Introduction to Quantum Computing


Desiree Vogt-Lee

About Me


  • Physics student
  • Data scientist at NTI
  • Recently returned from a quantum computing workshop and hackathon in Zurich

Classical Bits



Quantum Bits (qubits)


$| \psi \rangle = \alpha | 0 \rangle + \beta | 1 \rangle$

From Wikicommons (2009).

Classical Computation: checking all possibilities in rapid succession

Quantum Computation: checking all possibilities in parallel


Qubits Possibilities Power $(2^N)$
1 0, 1 2
2 00, 10, 01, 11 4
3 000, 001, 011, 110, 010, 100, 101, 111 8

For each qubit added, the compute power doubles.

Quantum Computers

Computers that use qubits instead of bits.

Quantum properties: superposition, entanglement, interference

Different types of QCs: annealers, adiabatic, universal, Noisy Intermediate Scale Quantum (NISQ)

Usually when we refer to QCs, we mean fault tolerant devices, but currently we only have NISQ devices.

Unitary Operators

Operations are performed on universal QCs by applying unitary gates.

Gates must be unitary in order to be reversible and preserve the normalisation of the quantum state.

$UU^{\dagger} = I$

From Wikicommons (2009).

Gates - Pauli X



Equivalent to a classical NOT gate

Performs a bit flip operation


$X=\begin{bmatrix} 0 & 1\\ 1 & 0 \end{bmatrix}$


Gates - Hadamard


No equivalent classical gate

Puts qubit into superposition state between 0 and 1


$H=\frac{1}{\sqrt{2}}\begin{bmatrix} 1 & 1\\ 1 & -1 \end{bmatrix}$


Gates - Controlled NOT (CNOT)


Performs a bit flip operation based on the value of the first qubit

$CNOT=\begin{bmatrix} 1 &0 &0 &0 \\ 0 &1 &0 &0 \\ 0 &0 &0 &1 \\ 0 &0 &1 &0 \end{bmatrix}$


Before After
00 00
01 01
10 11
11 10

Example Coding on a Quantum Computer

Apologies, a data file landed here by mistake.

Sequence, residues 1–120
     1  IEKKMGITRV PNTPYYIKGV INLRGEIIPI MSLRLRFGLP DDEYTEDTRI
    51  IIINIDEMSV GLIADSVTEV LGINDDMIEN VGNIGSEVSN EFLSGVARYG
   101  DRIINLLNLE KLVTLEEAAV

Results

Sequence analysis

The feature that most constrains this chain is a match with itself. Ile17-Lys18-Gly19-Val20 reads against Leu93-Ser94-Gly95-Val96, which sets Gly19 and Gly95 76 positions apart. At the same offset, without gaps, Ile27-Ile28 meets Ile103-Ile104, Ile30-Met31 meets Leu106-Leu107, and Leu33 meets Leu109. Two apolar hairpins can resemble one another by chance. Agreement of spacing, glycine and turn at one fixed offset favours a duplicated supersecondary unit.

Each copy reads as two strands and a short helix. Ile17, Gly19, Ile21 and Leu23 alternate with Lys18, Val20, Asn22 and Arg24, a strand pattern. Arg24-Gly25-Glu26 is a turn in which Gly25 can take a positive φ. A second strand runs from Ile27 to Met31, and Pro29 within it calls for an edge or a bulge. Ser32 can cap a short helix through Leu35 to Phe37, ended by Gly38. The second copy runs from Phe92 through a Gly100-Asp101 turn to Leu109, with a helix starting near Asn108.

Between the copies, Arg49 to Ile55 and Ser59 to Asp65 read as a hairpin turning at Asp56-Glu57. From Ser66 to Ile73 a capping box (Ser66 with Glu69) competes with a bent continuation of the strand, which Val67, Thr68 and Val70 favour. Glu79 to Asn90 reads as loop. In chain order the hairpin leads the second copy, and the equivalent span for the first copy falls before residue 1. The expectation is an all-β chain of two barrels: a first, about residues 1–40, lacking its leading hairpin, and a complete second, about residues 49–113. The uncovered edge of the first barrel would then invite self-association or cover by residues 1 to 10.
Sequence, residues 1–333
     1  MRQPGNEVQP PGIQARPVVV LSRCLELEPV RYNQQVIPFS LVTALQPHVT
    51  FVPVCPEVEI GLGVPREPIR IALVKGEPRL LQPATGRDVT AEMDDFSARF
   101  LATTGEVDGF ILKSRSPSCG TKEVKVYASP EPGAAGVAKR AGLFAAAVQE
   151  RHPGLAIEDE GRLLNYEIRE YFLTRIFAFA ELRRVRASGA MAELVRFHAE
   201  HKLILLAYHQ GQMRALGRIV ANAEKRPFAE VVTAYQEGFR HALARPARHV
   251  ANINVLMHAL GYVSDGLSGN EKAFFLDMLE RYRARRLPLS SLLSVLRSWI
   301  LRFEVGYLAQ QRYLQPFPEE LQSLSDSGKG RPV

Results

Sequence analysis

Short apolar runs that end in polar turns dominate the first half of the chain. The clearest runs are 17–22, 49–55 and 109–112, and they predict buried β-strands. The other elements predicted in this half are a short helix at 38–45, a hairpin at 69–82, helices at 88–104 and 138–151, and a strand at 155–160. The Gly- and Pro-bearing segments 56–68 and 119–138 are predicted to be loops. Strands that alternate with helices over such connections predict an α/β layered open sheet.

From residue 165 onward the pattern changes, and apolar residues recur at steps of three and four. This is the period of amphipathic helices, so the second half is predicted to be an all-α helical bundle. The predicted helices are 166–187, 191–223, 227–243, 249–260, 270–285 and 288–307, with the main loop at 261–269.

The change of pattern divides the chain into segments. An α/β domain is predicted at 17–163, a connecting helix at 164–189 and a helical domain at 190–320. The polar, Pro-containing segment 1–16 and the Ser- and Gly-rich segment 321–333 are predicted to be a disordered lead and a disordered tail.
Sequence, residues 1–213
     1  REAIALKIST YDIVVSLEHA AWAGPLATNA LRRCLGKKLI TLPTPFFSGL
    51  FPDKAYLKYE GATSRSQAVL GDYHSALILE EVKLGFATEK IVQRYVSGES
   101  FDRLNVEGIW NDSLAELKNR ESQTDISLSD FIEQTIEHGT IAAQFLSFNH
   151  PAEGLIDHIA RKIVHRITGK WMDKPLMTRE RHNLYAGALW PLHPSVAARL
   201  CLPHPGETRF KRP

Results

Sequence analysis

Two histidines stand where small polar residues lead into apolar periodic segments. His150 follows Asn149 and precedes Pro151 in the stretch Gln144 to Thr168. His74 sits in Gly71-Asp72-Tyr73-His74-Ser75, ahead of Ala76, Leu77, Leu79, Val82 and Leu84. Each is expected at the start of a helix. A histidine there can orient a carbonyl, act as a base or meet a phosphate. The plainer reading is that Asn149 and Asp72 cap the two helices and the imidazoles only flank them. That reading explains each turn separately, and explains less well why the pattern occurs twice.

Quantum Algorithms - Shor's Algorithm

Factoring algorithm that runs in polynomial time

From Wikicommons (2014).

Could be used to break public key cryptography (RSA)

Quantum Algorithms - Grover's Algorithm

Searching algorithm that runs in $O(\sqrt{N})$ evaluations

From Wikicommons (2009).

Applications of Quantum Computing


Chemical Simulation

  • Molecular design
  • Drug discovery
  • Protein structure prediction


Cryptography

  • Breaking RSA
  • Breaking Diffie-Hellman

Artificial Intelligence

  • Prediction
  • Classification


Scenario Simulation

  • Risk Analysis
  • Disruption Management

Biggest Issue with Current Quantum Computing

Decoherence/Noise: the loss of coherence, where a quantum system reverts to a classical state due to interactions with the environment.

It is an issue as to perform computation, qubits need to be in an entangled or in superposition.

Overcome using quantum error correcting (QEC) codes such as repetition codes, and circuits are designed to not spread error.

Hardware Designs

Silicon Spin Superconducting Ion Traps Diamond
Pros High stability, reproducible, manufacturable Fast, easy to fabricate, flexible One of the first qubit designs, very stable Can operate at room temperature, interacts with light
Cons Difficult to interconnect: only two entangled Unstable, low temperatures required Requires large vacuum, many lasers and slow Difficult to entangle and fabricate reproducibility
Number Entangled 2 53 14 2
Coherence Time 30s 50$\mu s$ 1000s 2s
Developers Intel, UNSW, Princeton, TUDelft D-Wave, IBM, Google, Rigetti, TUDelft IonQ, MIT TUDelft, Harvard

D-Wave 2000Q

2000 qubit quantum annealer (not a universal quantum computer!)


From D-Wave (2009).

From Ars Technica (2017).

D-Wave Annealer Speedup


DW: D-Wave   SA: Simulated Annealing   SVMC: Spin Vector Monte Carlo   QMC: Quantum Monte Carlo   HFS: Hamze-de Freitas-Selb Algorithm

From Quantum Annealing amid Local Ruggedness and Global Frustration (2017).

(Not officially released or peer reviewed!)

The task:

Sampling the output of pseudo-random quantum circuits. The circuits entangle a set of qubits by repeated application of single and two qubit operations which produce a set of bitstrings. The output is a probability distribution of the bitstrings.

Result:

Sampling the random circuit 1 million times
Google Sycamore (53 qubits): 200s
Classical supercomputer (Summit, Julich): 10,000yrs on 10M cores

Implication:

Does not mean we can now break encryption!

Quantum Bullshit Detector

Detects bullshit articles and comments in the media.

Useful Resources

Thanks!